If you’re wondering how to get kicked out of the Communist Party in China, you might try writing some “groundless commentary.” That’s why Zhao Xinwei, chief editor of the state-run Xinjiang Daily, was expelled last month. What counts as “groundless,” you ask? According to the Wall Street Journal, it could be pretty much any position with which the Party disagrees:
Mr. Zhao also held views on separatism, terrorism and religious extremism that differed from those of the central government, according to the website of the Commission for Discipline Inspection in Xinjiang, which further accused him of wasting public property, abusing his position in the cadre appointments process and accepting gifts. In local television reports, Mr. Zhao’s first name was given as Xinyu, another, more rare pronunciation of his name in Chinese. It wasn’t clear which version was correct.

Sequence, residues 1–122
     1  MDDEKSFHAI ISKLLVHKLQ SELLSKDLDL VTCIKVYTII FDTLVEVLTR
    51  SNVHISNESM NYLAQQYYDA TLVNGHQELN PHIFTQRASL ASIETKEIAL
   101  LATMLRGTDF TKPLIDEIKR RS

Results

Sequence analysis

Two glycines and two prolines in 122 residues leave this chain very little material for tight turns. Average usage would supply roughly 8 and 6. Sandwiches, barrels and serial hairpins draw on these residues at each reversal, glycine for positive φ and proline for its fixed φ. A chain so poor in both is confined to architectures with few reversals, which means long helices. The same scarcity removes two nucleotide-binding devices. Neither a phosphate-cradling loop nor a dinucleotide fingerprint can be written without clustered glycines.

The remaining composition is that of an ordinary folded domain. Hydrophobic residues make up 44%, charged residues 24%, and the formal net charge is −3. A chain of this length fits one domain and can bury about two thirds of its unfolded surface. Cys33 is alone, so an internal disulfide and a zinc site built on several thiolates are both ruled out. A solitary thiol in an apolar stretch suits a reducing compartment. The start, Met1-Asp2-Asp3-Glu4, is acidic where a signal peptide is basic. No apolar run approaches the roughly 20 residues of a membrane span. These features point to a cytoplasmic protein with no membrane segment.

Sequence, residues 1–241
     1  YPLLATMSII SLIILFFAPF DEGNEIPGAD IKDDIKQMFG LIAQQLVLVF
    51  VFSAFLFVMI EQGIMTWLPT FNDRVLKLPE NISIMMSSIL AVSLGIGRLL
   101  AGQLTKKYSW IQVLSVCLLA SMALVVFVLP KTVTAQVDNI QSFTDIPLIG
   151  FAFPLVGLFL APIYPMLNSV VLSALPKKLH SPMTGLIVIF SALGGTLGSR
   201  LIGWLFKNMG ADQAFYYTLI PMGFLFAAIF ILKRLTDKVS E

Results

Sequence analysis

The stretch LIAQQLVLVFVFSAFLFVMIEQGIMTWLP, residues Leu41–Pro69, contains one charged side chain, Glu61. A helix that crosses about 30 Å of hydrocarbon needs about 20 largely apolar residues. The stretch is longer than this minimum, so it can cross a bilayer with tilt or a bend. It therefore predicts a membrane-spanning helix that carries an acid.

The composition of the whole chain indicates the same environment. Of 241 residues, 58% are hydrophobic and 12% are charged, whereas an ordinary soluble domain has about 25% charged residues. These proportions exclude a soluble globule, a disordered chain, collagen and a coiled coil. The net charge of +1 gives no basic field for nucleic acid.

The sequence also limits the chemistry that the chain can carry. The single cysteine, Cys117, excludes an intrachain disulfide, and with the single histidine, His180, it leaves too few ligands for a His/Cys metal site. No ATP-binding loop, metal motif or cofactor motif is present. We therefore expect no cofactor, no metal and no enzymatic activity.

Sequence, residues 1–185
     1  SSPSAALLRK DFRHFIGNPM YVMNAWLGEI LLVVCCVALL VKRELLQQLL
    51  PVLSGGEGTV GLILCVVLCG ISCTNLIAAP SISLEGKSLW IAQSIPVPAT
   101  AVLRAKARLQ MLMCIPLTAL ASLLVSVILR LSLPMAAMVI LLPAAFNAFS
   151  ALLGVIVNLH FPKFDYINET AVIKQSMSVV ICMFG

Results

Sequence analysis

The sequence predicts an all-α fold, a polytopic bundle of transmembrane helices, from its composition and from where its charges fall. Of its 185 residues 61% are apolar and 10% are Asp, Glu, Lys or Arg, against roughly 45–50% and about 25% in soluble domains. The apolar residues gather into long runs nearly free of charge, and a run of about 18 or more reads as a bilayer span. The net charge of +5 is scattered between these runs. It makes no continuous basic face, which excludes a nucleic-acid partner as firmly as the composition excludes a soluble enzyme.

Whatever else it might be, President Xi’s corruption campaign is a tool for quashing dissent and consolidating power. As long as it was businessmen and politicians getting caught, Beijing could still plausibly pretend only to be investigating very real corruption—but whatever cover was left has been blown now that journalists are involved.